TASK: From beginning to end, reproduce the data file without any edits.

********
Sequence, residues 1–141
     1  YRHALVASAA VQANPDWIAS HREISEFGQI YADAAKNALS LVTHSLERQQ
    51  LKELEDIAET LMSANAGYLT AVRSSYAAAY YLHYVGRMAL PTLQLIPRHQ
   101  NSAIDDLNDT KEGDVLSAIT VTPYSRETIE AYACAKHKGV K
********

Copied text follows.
Sequence, residues 1–141
     1  YRHALVASAA VQANPDWIAS HREISEFGQI YADAAKNALS LVTHSLERQQ
    51  LKELEDIAET LMSANAGYLT AVRSSYAAAY YLHYVGRMAL PTLQLIPRHQ
   101  NSAIDDLNDT KEGDVLSAIT VTPYSRETIE AYACAKHKGV K